Bond ratings are a way to help you understand the financial risk in a particular bond issue. Not all bonds have ratings, but many do. Bond issuers pay third-party rating agencies, such as Standard & Poor's, to make objective assessments of the risk in a bond and to convey that in an understandable way to investors. While not foolproof, bond ratings provide an important bit of information for investors purchasing bonds.
A bond rating is primarily based on the financial health of the issuer. Ratings agencies base their opinions on a number of financial metrics, just like a bank would if you asked to borrow money. Factors that go into the financial health analysis of a bond include the amount of income a borrower has to pay off the bond and the currency in which the bond is issued. Any collateral used as a basis of repayment for the bond is also reviewed. Ratings agencies also consider the willingness of an issuer to pay off the obligation.
Just because one type of bond receives a high rating doesn't mean all the bonds a company issues will. Different types of bonds may have higher or lower ratings based on their seniority in the capital structure. If a company encounters financial difficulty, securities at the bottom are only paid after those at the top and therefore may carry lower ratings. Senior secured debt, or debt backed by specific assets, is the first to get paid and typically receives the highest bond rating. Most bonds are not backed by specific collateral and are referred to as "unsecured, " ranking below secured debt. Unsecured debt can be senior or junior, with senior debt having higher repayment priority and a potentially higher rating.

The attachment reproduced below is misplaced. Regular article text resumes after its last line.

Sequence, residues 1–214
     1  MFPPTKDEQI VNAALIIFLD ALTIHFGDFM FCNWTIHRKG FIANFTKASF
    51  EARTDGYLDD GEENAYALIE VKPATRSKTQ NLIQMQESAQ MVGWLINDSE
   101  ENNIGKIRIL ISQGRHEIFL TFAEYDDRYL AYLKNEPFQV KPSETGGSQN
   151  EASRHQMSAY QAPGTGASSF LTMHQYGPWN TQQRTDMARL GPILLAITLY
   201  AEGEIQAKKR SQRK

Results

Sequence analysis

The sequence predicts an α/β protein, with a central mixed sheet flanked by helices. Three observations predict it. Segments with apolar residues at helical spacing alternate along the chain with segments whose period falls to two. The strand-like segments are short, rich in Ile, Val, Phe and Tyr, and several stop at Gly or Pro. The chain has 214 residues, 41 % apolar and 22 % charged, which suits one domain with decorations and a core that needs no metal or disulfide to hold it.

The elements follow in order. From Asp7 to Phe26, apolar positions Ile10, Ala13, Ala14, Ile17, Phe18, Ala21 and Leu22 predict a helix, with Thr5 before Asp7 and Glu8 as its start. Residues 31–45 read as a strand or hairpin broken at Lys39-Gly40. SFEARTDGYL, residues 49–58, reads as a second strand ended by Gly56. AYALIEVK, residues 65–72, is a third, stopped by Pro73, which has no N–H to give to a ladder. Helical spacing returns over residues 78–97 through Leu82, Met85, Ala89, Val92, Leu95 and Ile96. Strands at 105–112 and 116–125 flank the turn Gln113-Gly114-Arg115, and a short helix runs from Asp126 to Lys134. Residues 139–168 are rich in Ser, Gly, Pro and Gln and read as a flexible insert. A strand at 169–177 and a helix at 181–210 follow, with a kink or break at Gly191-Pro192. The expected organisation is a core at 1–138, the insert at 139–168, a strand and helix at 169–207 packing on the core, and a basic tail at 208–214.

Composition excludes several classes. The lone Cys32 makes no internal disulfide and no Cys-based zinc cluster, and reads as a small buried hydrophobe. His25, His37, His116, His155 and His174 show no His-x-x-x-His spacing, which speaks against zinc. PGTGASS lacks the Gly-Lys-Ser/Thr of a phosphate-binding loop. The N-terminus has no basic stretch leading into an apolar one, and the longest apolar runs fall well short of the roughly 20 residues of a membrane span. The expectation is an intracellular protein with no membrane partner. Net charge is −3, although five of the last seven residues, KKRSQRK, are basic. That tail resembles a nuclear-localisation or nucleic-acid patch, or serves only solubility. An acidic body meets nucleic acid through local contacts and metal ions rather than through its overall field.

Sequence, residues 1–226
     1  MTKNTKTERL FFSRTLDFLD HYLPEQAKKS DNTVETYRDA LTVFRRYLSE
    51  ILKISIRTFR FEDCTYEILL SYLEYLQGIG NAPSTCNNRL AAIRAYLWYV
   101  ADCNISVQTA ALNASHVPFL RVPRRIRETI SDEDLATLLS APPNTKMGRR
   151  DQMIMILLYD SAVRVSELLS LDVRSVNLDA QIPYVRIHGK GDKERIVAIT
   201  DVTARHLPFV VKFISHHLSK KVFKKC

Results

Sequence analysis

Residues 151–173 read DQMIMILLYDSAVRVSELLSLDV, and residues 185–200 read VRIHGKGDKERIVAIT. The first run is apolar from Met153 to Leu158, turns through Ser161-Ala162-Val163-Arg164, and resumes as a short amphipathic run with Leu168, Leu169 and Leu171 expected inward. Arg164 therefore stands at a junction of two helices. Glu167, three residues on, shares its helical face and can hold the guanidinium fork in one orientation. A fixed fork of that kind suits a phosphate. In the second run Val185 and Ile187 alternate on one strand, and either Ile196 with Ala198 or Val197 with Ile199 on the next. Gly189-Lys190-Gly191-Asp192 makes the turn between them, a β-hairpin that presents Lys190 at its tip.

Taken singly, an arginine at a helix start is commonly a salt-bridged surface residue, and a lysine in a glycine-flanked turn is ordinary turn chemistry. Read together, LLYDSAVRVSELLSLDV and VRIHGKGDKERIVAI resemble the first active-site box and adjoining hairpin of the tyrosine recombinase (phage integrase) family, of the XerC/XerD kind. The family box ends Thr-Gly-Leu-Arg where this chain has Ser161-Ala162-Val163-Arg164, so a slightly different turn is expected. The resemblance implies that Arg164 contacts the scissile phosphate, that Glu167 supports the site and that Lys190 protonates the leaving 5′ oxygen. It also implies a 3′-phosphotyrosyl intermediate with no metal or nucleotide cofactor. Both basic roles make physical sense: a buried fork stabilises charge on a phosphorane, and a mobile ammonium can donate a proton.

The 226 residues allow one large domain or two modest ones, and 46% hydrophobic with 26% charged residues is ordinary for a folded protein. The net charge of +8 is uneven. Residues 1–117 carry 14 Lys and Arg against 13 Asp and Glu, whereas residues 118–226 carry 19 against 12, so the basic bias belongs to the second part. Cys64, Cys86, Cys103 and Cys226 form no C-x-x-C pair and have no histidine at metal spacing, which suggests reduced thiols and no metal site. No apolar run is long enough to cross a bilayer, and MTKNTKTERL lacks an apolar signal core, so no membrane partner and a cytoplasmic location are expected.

Bond Rating Scale
The three main bond ratings agencies are Standard & Poor's, Moody's and Fitch. Each agency provides 10 main ratings classifications for bonds, although these may be modified upwards or downwards in smaller steps. The top four ratings categories are considered "investment grade," or higher-rated bonds, while the remaining categories are "non-investment grade." For Standard & Poor's and Fitch, investment grade bonds are rated AAA, AA, A or BBB, from high to low. Moody's uses a slightly different system, rating investment grade bonds Aaa, Aa, A or Baa. Non-investment-grade bonds are more vulnerable to nonpayment based on economic or financial issues, with lower ratings reflecting a greater likelihood of nonpayment.
Upgrades & Downgrades
Bond ratings are not set in stone. Ratings agencies continually update their analyses of companies and bond issues and may upgrade or downgrade a rating at any time. A bond upgrade often triggers an increase in the value of a bond, since the greater likelihood of repayment has value. Downgrades can similarly drive a bond price down, as investors sell to avoid credit risk.
After receiving a Bachelor of Arts in English from UCLA, John Csiszar earned a Certified Financial Planner designation and served 18 years as an investment adviser. Csiszar has served as a technical writer for various financial firms and has extensive experience writing for online publications.